Derek Holland pitches for the two-time defending American League champions. A team which won its division by ten games last season and which signed the most sought-after pitcher on the market in Yu Darvish.
When 2012 season previews start appearing soon, you’ll see many people pick the Rangers to win the AL West. Most gambling websites have the Rangers as one of the best bets in baseball, listing them at 10/1 to win the World Series, behind the Yankees, Tigers and Angels (the Angels are at 13/2). By any measure, therefore, the Rangers are considered to be a strong contender. A good team that, if things break right, could be great.
Yet, for some reason, Holland thinks everyone is counting the Rangers out. Here he was in the radio yesterday:
The thing that kills me is that we’re being ruled out again. Nobody realizes what we’ve done. We’ve got the same team as we did last year, and it’s like we don’t have a chance to go anywhere. It’s like they’re ruling us out from even making the playoffs.
Sure, maybe it stinks that the gambling websites like the Angels more (or at least think that favoring them will separate gamblers from their money more easily), but I defy Holland or anyone else to find me an example of someone “ruling the Rangers out from even making the playoffs.” I bet there isn’t one reputable commentator who does so this year.
But hey, if it makes Holland feel better to think that, more power to him.
Did you have a bad day? It’s OK. We all do sometimes. It’s just part of life. Even ballplayers have bad days. Even the good ones.
Odubel Herrera is a good one. He’s only 25, but he’s already got two seasons of above average hitting under his belt. Dude gets on base. He could be a regular for tons of teams, so there’s no shame at all in him having a bad day. And boy howdy did he have a bad day today. He went 0-for-5 with five strikeouts in the Phillies extra innings win against the Rockies.
“I feel that I am making good swings but I’m just missing the pitches,” Herrera said.
Well, that is how strikeouts work.
Four strikeouts in a game is known as a Golden Sombrero. Players don’t strike out five times in a game very often so they don’t have an agreed upon name, but I’ve seen it referred to as the “platinum sombrero,” which seems pretty solid for such a feat. Six is a titanium sombrero or a double platinum sombrero, though there are references to it as a “Horn,” for Sam Horn, who deserves something to be named in his honor. Horn is like Moe Greene — a great man, a man of vision and guts — yet there isn’t even a plaque, or a signpost or a statue of him!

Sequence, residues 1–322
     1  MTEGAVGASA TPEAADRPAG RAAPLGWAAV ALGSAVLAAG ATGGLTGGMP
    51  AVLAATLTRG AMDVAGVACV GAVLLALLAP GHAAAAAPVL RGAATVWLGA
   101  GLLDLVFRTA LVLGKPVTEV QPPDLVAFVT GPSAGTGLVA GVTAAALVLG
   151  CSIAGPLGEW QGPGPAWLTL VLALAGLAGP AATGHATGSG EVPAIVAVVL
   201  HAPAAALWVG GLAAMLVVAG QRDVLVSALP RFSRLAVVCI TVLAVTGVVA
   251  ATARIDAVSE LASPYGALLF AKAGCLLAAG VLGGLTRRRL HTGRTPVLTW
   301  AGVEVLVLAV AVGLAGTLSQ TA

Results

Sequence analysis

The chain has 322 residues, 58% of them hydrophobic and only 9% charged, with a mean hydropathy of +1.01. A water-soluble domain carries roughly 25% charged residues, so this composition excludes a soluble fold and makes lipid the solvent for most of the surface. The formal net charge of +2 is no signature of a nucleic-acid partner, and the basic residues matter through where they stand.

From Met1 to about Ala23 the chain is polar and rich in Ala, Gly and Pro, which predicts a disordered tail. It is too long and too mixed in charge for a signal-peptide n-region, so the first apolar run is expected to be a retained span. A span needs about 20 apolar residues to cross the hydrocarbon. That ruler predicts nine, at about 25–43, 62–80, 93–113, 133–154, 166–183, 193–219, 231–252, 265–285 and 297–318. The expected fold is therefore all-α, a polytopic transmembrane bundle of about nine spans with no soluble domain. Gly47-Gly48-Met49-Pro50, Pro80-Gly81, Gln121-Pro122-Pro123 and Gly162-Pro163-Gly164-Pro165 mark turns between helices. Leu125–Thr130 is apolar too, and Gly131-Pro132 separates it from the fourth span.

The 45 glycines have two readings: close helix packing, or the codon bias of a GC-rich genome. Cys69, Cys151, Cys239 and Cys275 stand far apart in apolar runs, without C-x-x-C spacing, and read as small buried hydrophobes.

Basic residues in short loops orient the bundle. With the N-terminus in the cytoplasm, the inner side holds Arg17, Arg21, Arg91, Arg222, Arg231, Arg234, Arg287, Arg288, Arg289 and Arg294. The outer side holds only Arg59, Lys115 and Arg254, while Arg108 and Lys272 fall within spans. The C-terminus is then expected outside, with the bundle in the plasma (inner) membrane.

But I digress.
The last time a Phillies player did it was when Pat Burrell K’d five times in September 2008. The Phillies won the World Series that year, of course, so maybe this is an omen. [looks at standings] Or maybe not.
Anyway, get a good night’s sleep tonight, Odubel. Shake it off. Tomorrow is another day.
NEW YORK (AP) Rachel Robinson will receive the Buck O’Neil Lifetime Achievement Award from baseball’s Hall of Fame on July 29, the day before this year’s induction ceremony.
She’s the wife of late Hall of Famer Jackie Robinson, who broke the major league color barrier in 1947. Rachel Robinson created the Jackie Robinson Foundation in 1973, a year after he husband’s death. Rachel Robinson, who turns 95 in July 19, headed the foundation’s board until 1996.
The O’Neil award was established in 2007 to honor individuals who broaden the game’s appeal and whose character is comparable to that of O’Neil. He played in the Negro Leagues, was a scout for major league baseball teams and helped establish the Negro Leagues Baseball Museum in Kansas City, Missouri.
The award was given to O’Neil in 2008, Roland Hemond in 2011 and Joe Garagiola in 2014.